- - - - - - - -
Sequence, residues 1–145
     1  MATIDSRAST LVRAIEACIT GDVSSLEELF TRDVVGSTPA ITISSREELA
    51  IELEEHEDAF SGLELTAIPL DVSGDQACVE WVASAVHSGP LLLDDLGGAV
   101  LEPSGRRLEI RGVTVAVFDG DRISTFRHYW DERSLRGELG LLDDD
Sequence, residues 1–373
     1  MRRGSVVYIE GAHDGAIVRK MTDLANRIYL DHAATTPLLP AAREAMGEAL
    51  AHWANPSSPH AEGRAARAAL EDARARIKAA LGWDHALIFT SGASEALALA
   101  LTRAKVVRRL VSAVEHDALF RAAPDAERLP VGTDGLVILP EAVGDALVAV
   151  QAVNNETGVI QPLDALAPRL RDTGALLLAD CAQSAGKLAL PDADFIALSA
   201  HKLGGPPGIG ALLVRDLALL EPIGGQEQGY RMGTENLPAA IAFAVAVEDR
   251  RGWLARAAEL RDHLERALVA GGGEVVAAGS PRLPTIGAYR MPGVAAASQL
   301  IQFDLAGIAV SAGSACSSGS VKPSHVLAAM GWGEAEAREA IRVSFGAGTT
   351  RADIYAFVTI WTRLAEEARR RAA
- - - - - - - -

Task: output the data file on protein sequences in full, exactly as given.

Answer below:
Sequence, residues 1–145
     1  MATIDSRAST LVRAIEACIT GDVSSLEELF TRDVVGSTPA ITISSREELA
    51  IELEEHEDAF SGLELTAIPL DVSGDQACVE WVASAVHSGP LLLDDLGGAV
   101  LEPSGRRLEI RGVTVAVFDG DRISTFRHYW DERSLRGELG LLDDD
Sequence, residues 1–373
     1  MRRGSVVYIE GAHDGAIVRK MTDLANRIYL DHAATTPLLP AAREAMGEAL
    51  AHWANPSSPH AEGRAARAAL EDARARIKAA LGWDHALIFT SGASEALALA
   101  LTRAKVVRRL VSAVEHDALF RAAPDAERLP VGTDGLVILP EAVGDALVAV
   151  QAVNNETGVI QPLDALAPRL RDTGALLLAD CAQSAGKLAL PDADFIALSA
   201  HKLGGPPGIG ALLVRDLALL EPIGGQEQGY RMGTENLPAA IAFAVAVEDR
   251  RGWLARAAEL RDHLERALVA GGGEVVAAGS PRLPTIGAYR MPGVAAASQL
   301  IQFDLAGIAV SAGSACSSGS VKPSHVLAAM GWGEAEAREA IRVSFGAGTT
   351  RADIYAFVTI WTRLAEEARR RAA